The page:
The Virginia Institute of Marine Science (VIMS) is one of the oldest and largest schools of oceanography focused on coastal ocean and estuarine science in the United States. Founded in 1938, VIMS operates three campuses, has 57 faculty members and a total student body ranging from 100 - 125 students, and is a part of the College of William & Mary. It is funded by the Commonwealth of Virginia and includes four academic departments: Biological Sciences, Environmental and Aquatic Animal Health, Fisheries Science, and Physical Sciences, and offers both M.S. and Ph.D. degrees in marine science. The main campus is located in Gloucester Point, Virginia.

Website
http://www.vims.edu/

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New cause found for intensification of oyster disease

A new paper in Scientific Reports led by researchers at William & Mary's Virginia Institute of Marine Science challenges increased salinity and seawater temperatures as the established explanation for a decades-long increase ...

Warming may promote spread of invasive blue catfish

A study by researchers at William & Mary's Virginia Institute of Marine Science suggests that continued warming of Atlantic coastal waters may enhance the spread of invasive blue catfish within the Chesapeake Bay and other ...

New study reveals biodiversity important at regional scales

New research shows that biodiversity is important not just at the traditional scale of short-term plot experiments—in which ecologists monitor the health of a single meadow, forest grove, or pond after manipulating its ...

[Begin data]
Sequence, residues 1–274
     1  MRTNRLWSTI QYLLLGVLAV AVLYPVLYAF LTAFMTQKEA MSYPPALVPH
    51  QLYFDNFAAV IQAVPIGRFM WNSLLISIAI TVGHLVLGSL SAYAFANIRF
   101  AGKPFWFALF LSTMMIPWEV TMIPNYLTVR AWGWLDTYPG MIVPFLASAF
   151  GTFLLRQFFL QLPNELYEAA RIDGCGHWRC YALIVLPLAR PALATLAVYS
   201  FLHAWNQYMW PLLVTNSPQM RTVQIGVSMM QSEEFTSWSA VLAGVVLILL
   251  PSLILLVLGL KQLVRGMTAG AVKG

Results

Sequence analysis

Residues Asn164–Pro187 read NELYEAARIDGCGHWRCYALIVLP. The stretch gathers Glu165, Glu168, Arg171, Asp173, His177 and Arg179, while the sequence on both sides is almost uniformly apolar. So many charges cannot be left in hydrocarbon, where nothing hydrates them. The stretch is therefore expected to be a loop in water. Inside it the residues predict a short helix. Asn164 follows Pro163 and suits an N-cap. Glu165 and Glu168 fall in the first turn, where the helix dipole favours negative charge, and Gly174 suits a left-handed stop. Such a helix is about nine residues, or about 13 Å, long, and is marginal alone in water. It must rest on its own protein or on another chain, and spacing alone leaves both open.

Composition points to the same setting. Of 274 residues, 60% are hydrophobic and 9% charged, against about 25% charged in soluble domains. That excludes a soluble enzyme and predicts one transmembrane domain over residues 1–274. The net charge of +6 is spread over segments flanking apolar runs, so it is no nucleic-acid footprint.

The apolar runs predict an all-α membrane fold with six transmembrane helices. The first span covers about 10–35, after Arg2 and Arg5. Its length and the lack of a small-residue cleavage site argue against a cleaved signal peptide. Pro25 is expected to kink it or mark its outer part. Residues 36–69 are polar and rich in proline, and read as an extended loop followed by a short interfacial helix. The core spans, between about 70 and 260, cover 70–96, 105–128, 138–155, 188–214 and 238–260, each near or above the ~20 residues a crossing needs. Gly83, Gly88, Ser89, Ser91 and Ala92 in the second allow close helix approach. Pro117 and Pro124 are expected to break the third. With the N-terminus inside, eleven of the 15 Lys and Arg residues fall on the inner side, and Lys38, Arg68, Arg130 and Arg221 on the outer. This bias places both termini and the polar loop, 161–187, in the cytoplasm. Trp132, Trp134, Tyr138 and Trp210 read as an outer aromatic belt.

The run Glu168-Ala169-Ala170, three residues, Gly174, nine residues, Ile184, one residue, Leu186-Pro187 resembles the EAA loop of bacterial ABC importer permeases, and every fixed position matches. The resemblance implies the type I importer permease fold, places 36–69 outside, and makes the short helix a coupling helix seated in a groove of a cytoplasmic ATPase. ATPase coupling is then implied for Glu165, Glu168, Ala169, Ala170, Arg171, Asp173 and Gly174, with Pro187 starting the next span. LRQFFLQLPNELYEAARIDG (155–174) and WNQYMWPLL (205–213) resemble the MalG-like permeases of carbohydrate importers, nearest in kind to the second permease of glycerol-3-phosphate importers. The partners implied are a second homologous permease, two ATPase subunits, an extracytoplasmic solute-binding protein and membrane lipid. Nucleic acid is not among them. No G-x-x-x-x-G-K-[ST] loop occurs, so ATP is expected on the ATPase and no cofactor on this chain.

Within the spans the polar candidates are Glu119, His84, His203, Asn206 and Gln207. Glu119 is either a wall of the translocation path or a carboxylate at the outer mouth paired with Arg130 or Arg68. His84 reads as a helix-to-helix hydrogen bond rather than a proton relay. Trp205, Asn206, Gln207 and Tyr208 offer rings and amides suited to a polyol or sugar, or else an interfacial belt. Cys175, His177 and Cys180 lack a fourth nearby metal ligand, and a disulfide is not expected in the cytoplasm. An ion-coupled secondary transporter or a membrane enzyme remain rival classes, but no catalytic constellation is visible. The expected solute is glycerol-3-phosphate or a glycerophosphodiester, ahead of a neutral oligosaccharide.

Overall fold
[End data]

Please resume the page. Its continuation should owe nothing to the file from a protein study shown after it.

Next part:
Seagrass restoration speeds recovery of ecosystem services

The reintroduction of seagrass into Virginia's coastal bays is one of the great success stories in marine restoration. Over the past two decades, scientists and volunteers have broadcast more than 70 million eelgrass seeds ...

Study shows wetter climate is likely to intensify global warming

A study in the May 6th issue of Nature indicates the increase in rainfall forecast by global climate models is likely to hasten the release of carbon dioxide from tropical soils, further intensifying global warming by adding ...

Research reveals unique reproductive trait for seagrass

Seagrasses have long been known as some of Earth's most remarkable organisms—descendants of flowering land plants that have re-colonized the ocean by developing traits that allow them to grow, pollinate, and release seeded ...

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